• Scaffolding more than 5 feet above a solid surface, or at any distance above the water, must be provided with railing which has: [29 CFR 1915.71(j)(1)]
    • a top rail of 42 to 45 inches high.
    • a midrail located halfway between the top rail and the platform.
  • Figure 9: Internal stairway with proper handrails for scaffold access
    Rails must be of 2 x 4-inch lumber, flat bar, or pipe. [29 CFR 1915.71(j)(2)]
    • When used with rigid supports, taut wire or fiber rope of adequate strength may be used.
    • If the distance between supports is more than 8 feet, rails must be equivalent in strength to 2 x 4-inch lumber.
    • Rails must be firmly secured.
    • Where exposed to hot work or chemicals, fiber rope rails must not be used.
    • Note: Chains or other material may be used for guardrails provided they meet the requirements of 29 CFR 1915.71(j)(1).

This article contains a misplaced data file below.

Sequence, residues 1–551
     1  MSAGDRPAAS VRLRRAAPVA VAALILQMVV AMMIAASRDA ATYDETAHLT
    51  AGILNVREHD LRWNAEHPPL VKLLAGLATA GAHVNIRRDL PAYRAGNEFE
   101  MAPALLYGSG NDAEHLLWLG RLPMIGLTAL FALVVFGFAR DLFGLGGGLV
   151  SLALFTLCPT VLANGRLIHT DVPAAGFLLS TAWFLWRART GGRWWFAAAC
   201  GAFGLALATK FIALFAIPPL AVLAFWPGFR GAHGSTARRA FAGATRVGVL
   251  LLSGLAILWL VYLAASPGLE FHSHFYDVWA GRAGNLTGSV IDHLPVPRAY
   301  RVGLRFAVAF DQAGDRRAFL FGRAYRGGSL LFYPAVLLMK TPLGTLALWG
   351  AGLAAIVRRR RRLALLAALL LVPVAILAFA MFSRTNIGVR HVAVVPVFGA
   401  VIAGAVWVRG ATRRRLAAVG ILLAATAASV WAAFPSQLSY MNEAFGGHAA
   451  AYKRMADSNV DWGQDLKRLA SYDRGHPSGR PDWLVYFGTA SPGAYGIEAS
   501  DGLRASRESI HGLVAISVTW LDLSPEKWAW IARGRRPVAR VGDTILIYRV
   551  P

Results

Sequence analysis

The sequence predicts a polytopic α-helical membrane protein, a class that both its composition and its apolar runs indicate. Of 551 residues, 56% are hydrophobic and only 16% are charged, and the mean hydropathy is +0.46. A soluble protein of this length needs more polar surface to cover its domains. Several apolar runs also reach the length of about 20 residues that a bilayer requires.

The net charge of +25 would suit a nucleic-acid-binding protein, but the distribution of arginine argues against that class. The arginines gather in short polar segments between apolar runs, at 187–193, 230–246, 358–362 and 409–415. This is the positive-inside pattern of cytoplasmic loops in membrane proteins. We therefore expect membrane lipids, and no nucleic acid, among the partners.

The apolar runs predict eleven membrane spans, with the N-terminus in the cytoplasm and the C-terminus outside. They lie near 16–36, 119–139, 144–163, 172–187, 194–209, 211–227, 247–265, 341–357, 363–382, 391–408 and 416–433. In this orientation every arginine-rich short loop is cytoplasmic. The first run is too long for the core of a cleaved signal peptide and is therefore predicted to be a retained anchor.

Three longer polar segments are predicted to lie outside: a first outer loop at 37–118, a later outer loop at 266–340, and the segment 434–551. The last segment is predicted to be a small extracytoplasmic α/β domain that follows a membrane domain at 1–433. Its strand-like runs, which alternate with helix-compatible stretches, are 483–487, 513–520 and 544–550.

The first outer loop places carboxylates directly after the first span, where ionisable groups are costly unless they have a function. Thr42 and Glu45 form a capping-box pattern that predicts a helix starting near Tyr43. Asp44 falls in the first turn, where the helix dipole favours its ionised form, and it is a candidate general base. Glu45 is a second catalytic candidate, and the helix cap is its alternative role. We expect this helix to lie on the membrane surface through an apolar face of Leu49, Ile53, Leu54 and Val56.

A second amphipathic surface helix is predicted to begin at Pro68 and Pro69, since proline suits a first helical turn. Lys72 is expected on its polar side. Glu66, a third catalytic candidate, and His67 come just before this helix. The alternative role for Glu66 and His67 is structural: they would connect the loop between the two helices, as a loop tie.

• Rails may be omitted where the structure of the vessel prevents their use. [29 CFR 1915.71(j)(3)]
    • Figure 10: Access ladder within one foot of scaffold platform
      When rails are omitted, employees working more than 5 feet above solid surfaces must be protected by harnesses and life lines meeting the requirements of 29 CFR 1915.159.
    • Employees working over water must be protected by buoyant work vests meeting the requirements of 29 CFR 1915.158(a).
  • Employees must be protected against falling toward the vessel while working on a swinging or floating scaffold. [29 CFR 1915.71(j)(4)]
  • When necessary, to prevent tools and materials from falling on workers below, toeboards of not less than 1 x 4-inch lumber must be provided. [29 CFR 1915.71(j)(5)]
Figure 11: Staging with built in stairs

Access to Staging

  • Staging more than 5 feet high requires appropriate access (for example ladders ramps, stairways). [29 CFR 1915.71(k)(1)]